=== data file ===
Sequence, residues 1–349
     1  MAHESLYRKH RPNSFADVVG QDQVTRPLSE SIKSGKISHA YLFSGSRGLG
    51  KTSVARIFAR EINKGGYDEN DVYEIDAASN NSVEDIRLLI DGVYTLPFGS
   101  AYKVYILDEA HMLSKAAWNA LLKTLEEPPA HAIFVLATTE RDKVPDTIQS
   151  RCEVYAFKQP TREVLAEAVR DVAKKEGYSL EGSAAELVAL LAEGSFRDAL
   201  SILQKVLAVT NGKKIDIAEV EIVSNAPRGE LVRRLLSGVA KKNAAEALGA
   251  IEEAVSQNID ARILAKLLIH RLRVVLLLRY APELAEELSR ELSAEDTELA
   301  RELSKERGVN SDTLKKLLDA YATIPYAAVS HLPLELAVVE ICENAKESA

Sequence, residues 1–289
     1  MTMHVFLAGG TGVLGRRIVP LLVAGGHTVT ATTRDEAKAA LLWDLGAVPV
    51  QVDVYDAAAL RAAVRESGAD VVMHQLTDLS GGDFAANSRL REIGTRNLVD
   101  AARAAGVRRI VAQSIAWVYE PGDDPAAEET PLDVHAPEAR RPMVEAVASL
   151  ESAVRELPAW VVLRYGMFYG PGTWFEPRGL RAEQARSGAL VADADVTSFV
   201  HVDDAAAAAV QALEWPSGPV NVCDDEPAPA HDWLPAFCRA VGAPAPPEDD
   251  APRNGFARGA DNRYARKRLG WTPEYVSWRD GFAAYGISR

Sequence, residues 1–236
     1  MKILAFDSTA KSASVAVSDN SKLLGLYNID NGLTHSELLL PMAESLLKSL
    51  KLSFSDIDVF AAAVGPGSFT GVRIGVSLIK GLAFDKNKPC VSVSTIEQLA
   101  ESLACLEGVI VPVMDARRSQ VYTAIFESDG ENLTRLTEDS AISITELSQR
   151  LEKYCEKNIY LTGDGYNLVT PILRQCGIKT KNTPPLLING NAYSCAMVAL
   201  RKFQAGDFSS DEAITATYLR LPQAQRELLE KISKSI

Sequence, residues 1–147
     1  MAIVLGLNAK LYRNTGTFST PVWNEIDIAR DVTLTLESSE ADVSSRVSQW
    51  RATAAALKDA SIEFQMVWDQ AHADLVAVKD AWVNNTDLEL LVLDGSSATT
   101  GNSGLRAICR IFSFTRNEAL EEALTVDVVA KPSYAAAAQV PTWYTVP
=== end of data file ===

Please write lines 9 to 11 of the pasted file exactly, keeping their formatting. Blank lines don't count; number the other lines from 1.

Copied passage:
Sequence, residues 1–289
     1  MTMHVFLAGG TGVLGRRIVP LLVAGGHTVT ATTRDEAKAA LLWDLGAVPV
    51  QVDVYDAAAL RAAVRESGAD VVMHQLTDLS GGDFAANSRL REIGTRNLVD